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These two 'microscope compendia' were both probably made by Benjamin Martin (circa 1705-1784), around 1775. They contain complete sets of microscopical apparatus: one microscope for general observations, one portable, one for demonstrations, and the equipment for a 'megalascope' - a microscope for 'larger' objects.

Martin's catalogue

A microscope compendium containing many different parts in a portable case; microscopes are shown assembled in the foreground.
Image 1: Microscope compendium, probably made by Benjamin Martin; circa 1775. Two different types of microscope have been constructed, and the many accessories are also shown (Wh.1795).

A catalogue of instruments, prints, and books offered for sale by Benjamin Martin in 1762 included the following, under the category of Instruments invented or improved, by B. Martin:

"A compleat Apparatus of Optical Instruments in Brass, consisting of a new universal compound Microscope, a Solar Microscope of the latest Improvements; with a Megalascope, and Stand for [James] Wilson's Microscope. The Whole is furnished with every thing necessary for the nicest Observations with the Microscope."

The 'megalascope'

Though both unsigned, these two compendia (Images 1 & 2) were almost certainly sold by Martin, and they contain all of the apparatus listed. The "universal compound Microscope", "Solar Microscope", G  and "Wilson's Microscope" were all standard designs of the mid-18th century, but the "Megalascope" was Martin's own invention. Martin himself described the instrument, in a pamphlet of 1738:

"By a MEGALASCOPE is understood an Instrument which gives a magnified View of all the larger Sort of small Objects, and is sometimes called a Fossil-Microscope, Cloth Microscope, &c ... the Objects are so much magnified, and their Parts so separate and distinct, that we scarcely know them in this new Point of View, or can reconcile them to the Ideas they impress on the Mind by the natural Appearance."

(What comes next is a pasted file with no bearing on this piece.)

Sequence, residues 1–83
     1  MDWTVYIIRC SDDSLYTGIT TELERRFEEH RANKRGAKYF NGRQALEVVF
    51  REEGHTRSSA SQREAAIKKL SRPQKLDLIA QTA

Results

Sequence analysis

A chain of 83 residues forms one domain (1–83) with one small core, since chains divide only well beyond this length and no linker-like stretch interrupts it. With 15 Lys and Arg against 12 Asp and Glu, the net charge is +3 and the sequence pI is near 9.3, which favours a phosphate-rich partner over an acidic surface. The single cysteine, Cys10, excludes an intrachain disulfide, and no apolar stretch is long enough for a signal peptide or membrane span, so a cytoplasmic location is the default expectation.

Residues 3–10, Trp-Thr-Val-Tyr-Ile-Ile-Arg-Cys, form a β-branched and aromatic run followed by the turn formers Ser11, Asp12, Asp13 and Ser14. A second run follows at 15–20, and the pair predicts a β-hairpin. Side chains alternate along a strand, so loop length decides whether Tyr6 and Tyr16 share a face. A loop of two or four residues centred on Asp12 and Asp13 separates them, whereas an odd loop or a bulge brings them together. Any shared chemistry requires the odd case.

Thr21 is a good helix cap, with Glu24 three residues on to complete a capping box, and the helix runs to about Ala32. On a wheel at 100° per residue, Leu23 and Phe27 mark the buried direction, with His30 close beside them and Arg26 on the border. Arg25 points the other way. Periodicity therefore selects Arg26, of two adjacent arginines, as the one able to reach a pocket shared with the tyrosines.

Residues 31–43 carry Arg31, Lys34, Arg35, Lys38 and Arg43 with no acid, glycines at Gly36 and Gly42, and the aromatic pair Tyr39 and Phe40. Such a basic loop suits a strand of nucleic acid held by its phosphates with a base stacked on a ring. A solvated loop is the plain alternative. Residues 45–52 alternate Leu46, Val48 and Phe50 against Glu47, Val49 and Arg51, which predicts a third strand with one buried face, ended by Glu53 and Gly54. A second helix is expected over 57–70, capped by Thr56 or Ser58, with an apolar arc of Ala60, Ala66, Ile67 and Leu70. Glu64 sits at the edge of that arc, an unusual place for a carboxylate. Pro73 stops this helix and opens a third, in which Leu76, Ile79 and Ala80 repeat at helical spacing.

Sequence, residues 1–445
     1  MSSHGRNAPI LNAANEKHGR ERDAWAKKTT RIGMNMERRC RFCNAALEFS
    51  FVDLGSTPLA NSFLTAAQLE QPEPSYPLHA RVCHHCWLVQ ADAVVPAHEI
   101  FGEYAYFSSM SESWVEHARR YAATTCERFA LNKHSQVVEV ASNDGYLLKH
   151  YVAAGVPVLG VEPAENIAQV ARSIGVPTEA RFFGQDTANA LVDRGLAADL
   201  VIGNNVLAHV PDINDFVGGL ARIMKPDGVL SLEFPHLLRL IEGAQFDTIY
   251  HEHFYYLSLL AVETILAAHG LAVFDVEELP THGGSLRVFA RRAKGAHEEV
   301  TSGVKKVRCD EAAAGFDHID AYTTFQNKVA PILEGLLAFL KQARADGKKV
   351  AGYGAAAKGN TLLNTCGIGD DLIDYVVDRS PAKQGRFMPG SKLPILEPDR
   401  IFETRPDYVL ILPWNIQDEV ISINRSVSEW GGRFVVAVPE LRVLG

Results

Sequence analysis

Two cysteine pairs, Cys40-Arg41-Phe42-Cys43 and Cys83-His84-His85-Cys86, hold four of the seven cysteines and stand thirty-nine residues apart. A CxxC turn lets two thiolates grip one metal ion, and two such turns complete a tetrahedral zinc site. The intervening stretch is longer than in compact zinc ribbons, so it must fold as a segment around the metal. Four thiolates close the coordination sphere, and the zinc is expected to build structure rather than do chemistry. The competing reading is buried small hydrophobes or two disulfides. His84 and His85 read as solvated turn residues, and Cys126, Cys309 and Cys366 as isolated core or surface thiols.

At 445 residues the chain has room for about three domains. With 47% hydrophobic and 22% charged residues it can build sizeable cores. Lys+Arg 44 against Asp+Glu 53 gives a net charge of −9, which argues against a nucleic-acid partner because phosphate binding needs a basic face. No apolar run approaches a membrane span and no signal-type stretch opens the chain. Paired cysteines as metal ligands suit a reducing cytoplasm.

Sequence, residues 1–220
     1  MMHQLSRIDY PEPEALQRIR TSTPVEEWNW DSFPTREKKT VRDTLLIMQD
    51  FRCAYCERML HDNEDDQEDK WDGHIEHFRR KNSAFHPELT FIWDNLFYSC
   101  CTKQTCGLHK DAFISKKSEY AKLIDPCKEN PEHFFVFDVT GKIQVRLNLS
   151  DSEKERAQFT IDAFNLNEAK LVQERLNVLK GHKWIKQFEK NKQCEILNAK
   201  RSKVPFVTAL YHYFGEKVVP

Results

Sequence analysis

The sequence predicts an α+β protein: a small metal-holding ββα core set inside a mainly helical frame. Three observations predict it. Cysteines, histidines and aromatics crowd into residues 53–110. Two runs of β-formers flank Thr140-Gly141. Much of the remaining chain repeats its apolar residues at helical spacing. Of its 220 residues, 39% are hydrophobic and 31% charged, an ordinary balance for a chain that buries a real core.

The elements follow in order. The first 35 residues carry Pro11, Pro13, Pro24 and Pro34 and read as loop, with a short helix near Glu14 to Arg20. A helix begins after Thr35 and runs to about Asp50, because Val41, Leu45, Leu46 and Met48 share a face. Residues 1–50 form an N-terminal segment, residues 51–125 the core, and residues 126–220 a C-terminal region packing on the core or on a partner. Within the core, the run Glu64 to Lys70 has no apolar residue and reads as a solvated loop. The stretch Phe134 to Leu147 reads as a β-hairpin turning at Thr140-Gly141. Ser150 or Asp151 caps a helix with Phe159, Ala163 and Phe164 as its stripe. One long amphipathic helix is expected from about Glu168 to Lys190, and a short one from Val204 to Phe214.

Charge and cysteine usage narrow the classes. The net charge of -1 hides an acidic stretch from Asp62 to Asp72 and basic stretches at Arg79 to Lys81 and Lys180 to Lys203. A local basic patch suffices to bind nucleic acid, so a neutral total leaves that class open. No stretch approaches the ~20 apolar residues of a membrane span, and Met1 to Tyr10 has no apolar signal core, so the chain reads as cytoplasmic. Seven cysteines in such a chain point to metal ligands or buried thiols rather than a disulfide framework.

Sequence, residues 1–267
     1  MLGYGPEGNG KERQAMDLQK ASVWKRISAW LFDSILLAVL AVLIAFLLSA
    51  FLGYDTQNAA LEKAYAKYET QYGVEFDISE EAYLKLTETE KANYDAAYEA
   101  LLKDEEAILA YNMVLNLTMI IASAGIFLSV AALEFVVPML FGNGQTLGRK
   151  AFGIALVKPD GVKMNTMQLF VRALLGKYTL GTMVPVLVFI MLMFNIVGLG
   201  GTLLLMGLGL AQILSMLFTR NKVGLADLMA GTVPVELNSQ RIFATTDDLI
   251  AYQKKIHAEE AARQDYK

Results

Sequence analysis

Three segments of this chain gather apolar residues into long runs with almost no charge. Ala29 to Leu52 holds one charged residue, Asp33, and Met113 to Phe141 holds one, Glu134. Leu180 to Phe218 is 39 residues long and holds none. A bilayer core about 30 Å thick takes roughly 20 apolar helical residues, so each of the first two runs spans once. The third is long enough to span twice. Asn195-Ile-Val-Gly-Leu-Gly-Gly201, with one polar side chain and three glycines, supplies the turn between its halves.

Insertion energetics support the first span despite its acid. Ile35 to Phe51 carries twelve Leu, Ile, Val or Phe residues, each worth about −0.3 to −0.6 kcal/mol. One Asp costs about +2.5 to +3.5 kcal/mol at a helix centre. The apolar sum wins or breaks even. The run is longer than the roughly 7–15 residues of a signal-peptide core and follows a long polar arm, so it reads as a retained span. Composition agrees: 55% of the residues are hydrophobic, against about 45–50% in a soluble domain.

Martin here suggests that customers should purchase and use the megalascope because it showed objects to be completely different from their appearance to the naked eye. He was using the unfamiliar nature of the microscopical world as a selling-point. In this context the microscope can be seen as a curiosity, able to engage and fascinate an audience, by showing familar objects in a new way.

Parody of an instrument

A microscope compendium, with all parts disassembled and packed away in a case.
Image 2: Another compendium, again unsigned but probably made by Benjamin Martin; circa 1775. Here all of the parts are neatly packed away (Wh.0206).

The megalascope existed in various forms in the 18th century. In spite of Martin's advocacy of the instrument, later notoriety came from a parody by Lewis Carroll in the following century:

"'But we've seen Elephants before,' the Emperor grumbled.

'Yes, but not through a Megaloscope!' the Professor eagerly replied, 'You know you ca'n't see a Flea, properly, without a magnifying-glass - what we call a Microscope. Well, just in the same way, you ca'n't see an Elephant, properly, without a minimifying-glass. There's one in each of these little tubes. And this is a Megaloscope! The Gardener will now bring in the next Specimen. Please open both curtains, down at the end there, and make way for the Elephant!'" (1)

References

  1. L. Carroll, Sylvie and Bruno Concluded (London: Macmillan, 1893), p. 334.

Boris Jardine

Boris Jardine, 'Benjamin Martin and microscope compendia', Explore Whipple Collections, Whipple Museum of the History of Science, University of Cambridge, 2006.

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